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    Posted January 15, 2013 by
    lexstop
    Location
    Missouri

    The Curious Case of Lance Armstrong

     
    F. Scott Fitzgerald once wrote, “show me a hero and I’ll write you a tragedy.” Nowhere does this quotation seem more apt than in the case of Lance Armstrong. On one side of the coin we have the hero: a brash and outspoken Texan who overcame stage 3 cancer and became the first seven-time Tour De France champion, a man who founded the Livestrong foundation that has raised over 470 million dollars worldwide to fight the disease that almost claimed his life[1], a man who made an entire sport relevant in the United States. On the other side of the coin, we see a man who has gone through a divorce, a man who has harshly and vehemently attacked every critic time and time again, a man who many believe only achieved his Tour victories through the use of performance enhancing drugs. His world appears to be crumbling all around him. His seven Tour de France titles have been stripped, he has resigned from the Livestrong Foundation he founded amid public pressure, his sponsors have largely abandoned him, and lawsuits by former critics that Lance Armstrong himself helped disgrace seem imminent. Lance Armstrong is still there but we are left with one question. What is the truth about Lance Armstrong?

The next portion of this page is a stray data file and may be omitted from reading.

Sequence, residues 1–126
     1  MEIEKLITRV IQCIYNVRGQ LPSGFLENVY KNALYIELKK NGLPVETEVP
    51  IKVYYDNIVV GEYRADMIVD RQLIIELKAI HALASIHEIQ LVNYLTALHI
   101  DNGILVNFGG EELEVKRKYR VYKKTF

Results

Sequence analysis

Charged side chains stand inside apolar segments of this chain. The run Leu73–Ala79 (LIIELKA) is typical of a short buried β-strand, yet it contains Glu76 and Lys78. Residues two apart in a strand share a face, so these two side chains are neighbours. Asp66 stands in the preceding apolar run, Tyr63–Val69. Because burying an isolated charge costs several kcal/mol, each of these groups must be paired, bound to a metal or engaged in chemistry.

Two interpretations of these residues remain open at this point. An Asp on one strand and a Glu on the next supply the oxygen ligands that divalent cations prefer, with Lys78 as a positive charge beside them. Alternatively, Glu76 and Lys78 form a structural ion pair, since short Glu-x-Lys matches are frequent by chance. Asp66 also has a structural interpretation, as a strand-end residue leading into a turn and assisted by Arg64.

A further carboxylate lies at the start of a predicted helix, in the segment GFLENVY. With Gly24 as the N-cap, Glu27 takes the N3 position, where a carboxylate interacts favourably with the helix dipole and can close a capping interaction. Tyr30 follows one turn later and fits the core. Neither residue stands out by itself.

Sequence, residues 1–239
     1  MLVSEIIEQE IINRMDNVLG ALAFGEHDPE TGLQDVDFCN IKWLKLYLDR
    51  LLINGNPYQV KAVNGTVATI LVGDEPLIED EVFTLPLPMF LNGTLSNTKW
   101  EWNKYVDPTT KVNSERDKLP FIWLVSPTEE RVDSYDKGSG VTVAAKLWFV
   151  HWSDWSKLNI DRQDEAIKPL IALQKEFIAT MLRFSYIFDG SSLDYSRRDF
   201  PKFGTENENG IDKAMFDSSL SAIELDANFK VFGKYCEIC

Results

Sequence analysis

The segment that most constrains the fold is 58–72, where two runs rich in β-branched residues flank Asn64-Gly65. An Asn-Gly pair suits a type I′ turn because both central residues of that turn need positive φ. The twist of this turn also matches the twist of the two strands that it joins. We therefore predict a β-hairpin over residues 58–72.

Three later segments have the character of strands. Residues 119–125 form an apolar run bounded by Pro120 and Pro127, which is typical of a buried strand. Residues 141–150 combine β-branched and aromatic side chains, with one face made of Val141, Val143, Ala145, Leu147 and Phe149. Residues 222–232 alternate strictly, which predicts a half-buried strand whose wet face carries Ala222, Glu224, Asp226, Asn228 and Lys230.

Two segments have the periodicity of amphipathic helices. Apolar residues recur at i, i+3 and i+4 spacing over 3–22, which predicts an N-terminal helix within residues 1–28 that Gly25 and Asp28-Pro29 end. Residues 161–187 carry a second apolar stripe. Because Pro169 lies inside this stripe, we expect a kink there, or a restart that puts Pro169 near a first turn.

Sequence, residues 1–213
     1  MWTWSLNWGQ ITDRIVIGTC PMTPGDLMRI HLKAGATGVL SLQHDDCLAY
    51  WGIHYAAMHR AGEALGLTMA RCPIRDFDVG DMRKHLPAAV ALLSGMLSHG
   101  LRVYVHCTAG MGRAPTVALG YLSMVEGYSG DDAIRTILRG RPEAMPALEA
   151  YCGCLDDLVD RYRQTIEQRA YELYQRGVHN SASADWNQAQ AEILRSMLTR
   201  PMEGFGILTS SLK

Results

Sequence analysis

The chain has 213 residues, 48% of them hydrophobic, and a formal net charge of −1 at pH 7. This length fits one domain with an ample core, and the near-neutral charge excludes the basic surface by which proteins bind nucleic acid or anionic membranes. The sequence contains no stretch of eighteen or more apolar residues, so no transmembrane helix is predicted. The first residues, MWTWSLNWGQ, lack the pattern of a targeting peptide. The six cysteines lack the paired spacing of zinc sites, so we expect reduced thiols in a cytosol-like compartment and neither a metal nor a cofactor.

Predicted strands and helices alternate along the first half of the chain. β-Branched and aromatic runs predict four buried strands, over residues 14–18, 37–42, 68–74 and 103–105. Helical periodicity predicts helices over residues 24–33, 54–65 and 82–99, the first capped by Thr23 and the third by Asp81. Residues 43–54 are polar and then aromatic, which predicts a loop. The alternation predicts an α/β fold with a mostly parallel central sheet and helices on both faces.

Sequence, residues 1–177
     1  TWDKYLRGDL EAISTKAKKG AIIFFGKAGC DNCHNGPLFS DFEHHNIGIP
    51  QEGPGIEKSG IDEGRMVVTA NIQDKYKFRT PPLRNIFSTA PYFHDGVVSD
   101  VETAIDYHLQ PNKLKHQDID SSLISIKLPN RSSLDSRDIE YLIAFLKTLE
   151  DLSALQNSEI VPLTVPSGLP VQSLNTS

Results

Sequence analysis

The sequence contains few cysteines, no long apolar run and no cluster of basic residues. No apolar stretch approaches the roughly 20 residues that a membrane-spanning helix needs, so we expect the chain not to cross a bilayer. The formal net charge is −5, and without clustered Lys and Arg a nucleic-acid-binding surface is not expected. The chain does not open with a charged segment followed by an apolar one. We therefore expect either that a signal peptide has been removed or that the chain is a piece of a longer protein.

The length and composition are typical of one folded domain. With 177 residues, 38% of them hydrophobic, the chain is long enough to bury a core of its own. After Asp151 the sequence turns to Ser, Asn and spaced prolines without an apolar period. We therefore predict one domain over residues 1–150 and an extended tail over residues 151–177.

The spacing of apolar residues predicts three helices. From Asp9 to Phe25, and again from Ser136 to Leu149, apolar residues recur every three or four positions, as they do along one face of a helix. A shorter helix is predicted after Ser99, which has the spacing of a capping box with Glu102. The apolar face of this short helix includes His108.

“You see everything in black or white.”-Ritter
    “Not black or white, right or wrong.” –Jack Ryan
    “The world is gray.” -Ritter
    -Quotes from the movie Clear and Present Danger

    The question cannot be answered. Lance Armstrong is a complicated creature whose life does not fit neatly into either right or wrong. What do I expect from the Oprah Winfrey/Lance Armstrong interview? I expect we will get some answers, but you’re never going to know exactly what Lance was thinking or doing all those years ago. There is an ancient Chinese proverb that reads, “life is a piece of paper upon which every person leaves a mark.” One would expect not to have all the answers. Interesting people lead interesting lives. When you take big risks, your mistakes and faults are displayed on a global scale. Lance Armstrong has touched and been touched by millions of people. We are certainly not going to understand everything in a 90 minute taped interview, but it should be very interesting.

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